Lyndsey Havens: Look, I’ll be honest… I’ve played this soundtrack a lot. I keep going back to the most epic track of all, “Into the Unknown,” but also the more tender “Show Yourself.” Impossible to pick just one between the two. Also, Kacey Musgraves’ end-sequence version of “All Is Found” is chilling (pun intended).
Stephen Daw: As much as “Into the Unknown” so desperately wants to be the sequel’s “Let It Go,” the real standout amongst this soundtrack set is “Show Yourself.” It comes at the film’s most emotional, critical moment, and sees Elsa coming to terms with the inner demons she bellowed about in “Let it Go.” While “Into the Unknown” puts Idina Menzel through her vocal paces in a way that can seem a little showy (that chorus is ridiculous), “Show Yourself” allows her to still have those shining vocal moments, while imbuing the song with deep and profound emotion.
Kevin Rutherford: The technically best song is “Show Yourself,” which is the “Let It Go” follow-up we actually needed; sorry, “Into the Unknown.” It’s more of a spiritual successor anyway, with its themes of self-discovery, and the buildup to Idina Menzel and Evan Rachel Wood’s final chorus harmonies is chill inducing. But my favorite is “All Is Found,” a lullaby that feels so timeless that it might as well have been written many centuries before the rest of the soundtrack. The moment its melody resurfaces within the bridge of “Show Yourself” is my favorite musical movement in the movie.
Colin Stutz: My 6-year-old daughter and her friends at school really love the lullaby “All Is Found,” which is an odd choice to me because it’s so subdued, minimalist and traditional without any characteristics of pop music. I can’t really explain it, other than it’s the crux of the film narrative and so it resonates. One of my personal favorites is Olaf’s “When I Am Older,” also because of how it relates to the film, and the snowman’s existential crisis was my favorite comedic bit. Kristoff’s “Lost in the Woods” is also great in its pure ’80s power ballad beauty.
3. Is the music of Frozen 2 better than that of the original Frozen? Why or why not?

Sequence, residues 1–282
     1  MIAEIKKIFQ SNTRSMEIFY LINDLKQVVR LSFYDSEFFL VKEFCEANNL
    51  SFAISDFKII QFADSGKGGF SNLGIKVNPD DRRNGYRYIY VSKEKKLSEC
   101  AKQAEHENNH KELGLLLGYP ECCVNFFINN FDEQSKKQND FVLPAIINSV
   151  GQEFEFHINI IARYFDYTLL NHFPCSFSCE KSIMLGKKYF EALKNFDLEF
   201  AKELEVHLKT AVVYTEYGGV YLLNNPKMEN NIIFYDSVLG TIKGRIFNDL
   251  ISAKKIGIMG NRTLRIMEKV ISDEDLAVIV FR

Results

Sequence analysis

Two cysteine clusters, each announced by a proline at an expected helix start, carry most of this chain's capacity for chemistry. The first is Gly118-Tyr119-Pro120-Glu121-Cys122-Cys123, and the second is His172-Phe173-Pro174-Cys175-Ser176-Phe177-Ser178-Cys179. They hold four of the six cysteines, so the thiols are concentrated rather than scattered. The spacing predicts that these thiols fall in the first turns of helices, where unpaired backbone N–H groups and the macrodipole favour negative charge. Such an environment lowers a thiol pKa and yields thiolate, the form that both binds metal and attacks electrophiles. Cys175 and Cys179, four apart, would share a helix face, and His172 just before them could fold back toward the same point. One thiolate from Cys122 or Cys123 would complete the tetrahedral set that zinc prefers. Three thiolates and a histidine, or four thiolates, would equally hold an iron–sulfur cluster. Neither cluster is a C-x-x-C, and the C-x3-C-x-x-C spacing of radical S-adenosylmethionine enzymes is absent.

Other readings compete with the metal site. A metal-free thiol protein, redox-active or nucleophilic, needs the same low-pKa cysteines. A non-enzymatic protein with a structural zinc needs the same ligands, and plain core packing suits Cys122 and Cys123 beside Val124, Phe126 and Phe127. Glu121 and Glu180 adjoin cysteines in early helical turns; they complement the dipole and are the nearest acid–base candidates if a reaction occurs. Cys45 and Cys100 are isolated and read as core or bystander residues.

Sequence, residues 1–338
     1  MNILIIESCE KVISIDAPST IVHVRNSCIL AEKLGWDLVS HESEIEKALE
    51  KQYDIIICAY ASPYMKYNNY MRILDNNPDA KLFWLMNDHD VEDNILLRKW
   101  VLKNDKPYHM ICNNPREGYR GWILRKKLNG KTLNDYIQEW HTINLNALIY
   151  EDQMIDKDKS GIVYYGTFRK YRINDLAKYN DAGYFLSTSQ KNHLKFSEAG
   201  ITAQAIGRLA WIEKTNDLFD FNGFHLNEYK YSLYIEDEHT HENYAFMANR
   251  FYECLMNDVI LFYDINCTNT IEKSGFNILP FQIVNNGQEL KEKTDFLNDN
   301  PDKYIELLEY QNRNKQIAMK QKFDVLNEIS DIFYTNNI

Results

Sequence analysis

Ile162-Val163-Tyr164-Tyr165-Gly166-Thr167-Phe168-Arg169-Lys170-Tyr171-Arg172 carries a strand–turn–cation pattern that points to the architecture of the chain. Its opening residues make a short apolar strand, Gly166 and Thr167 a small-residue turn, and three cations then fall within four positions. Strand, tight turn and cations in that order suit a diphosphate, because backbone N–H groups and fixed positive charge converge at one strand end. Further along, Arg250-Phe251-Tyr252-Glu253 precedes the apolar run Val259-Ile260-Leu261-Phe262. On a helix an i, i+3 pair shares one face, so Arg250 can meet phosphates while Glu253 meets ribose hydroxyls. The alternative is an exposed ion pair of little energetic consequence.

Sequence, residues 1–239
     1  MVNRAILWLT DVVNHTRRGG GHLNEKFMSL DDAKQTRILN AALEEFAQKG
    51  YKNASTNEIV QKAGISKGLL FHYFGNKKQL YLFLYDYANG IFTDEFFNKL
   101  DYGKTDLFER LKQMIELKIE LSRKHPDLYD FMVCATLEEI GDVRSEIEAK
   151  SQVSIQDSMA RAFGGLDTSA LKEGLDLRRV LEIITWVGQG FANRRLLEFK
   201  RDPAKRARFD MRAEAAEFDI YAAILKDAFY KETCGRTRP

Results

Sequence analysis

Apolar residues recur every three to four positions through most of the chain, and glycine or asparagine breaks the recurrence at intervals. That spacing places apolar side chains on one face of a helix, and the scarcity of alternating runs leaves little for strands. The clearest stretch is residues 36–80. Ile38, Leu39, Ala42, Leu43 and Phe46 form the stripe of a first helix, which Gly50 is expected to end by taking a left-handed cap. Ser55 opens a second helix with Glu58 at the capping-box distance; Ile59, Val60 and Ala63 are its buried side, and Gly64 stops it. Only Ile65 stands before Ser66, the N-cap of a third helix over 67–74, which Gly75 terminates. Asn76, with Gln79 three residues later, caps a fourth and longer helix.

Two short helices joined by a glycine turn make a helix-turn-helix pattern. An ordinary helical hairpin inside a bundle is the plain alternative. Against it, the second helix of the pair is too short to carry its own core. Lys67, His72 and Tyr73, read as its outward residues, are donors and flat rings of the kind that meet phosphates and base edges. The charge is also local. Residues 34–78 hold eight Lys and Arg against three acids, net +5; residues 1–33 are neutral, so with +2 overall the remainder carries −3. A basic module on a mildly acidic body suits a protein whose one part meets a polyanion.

Jason Lipshutz: I’ve gotta give the edge to the original still. “Let It Go” remains transformative, and nothing on the sequel’s soundtrack comes close to its level of indispensability, but even so, “For the First Time in Forever,” “Love is an Open Door” and even the Olaf showcase “In Summer” are all more memorable than the enjoyable, yet not quite transcendent, songs of the sequel.
Lyndsey Havens: I was actually surprised at how evenly matched the songs on Frozen 2 are — they really hold their own and deliver the same power and intention that the original songs did. Even so, it’s hard for anything to rival the juggernaut that is “Let It Go,” or the playful “Do You Want To Build a Snowman?,” so while I might actually prefer a small handful of songs on Frozen 2, as a whole the OG Frozen soundtrack comes out on top for me.
Stephen Daw: Simply, no. The soundtrack of Frozen was filled to the brim with undeniable earworms, and only a couple of songs you could maybe skip over. To me, the opposite is true of the sequel — there are a couple of tracks like “Show Yourself” and “Lost in the Woods” that I’ll find myself going back to, but everything else feels skippable. Bobby Lopez & Kristen Anderson-Lopez’s songwriting felt so fun and natural on the original soundtrack, while the sequel, unfortunately, feels weighed down by the burden of trying to live up to its overachieving older sister.
Kevin Rutherford: Overall, no, but here’s the thing: while Frozen 2 has no song better than Frozen’s best, it also has no song worse than Frozen’s worst. You’re not going to find a song that exceeds “Let It Go” or “Do You Want to Build a Snowman?” (look, was anyone even expecting to?), but everything on Frozen 2 tops “Fixer Upper” and “Frozen Heart.” So perhaps it’s… more consistent?
Colin Stutz: Overall, no. I didn’t and still don’t care for “Let It Go” from the first soundtrack, but that was a full-on cultural phenomenon. “Into the Unknown” doesn’t feel as impactful to me. Aside from those two tracks, it feels like they were sure to check some of the same boxes the second time around: Frozen 2‘s “Some Things Never Change” is to Frozen‘s “For the First Time in Forever” as “When I Am Older” is to “In Summer,” and so on. But overall, there’s a more melancholic turn that fits the film but doesn’t translate to a fun soundtrack that I think will have the same kind of success as the original.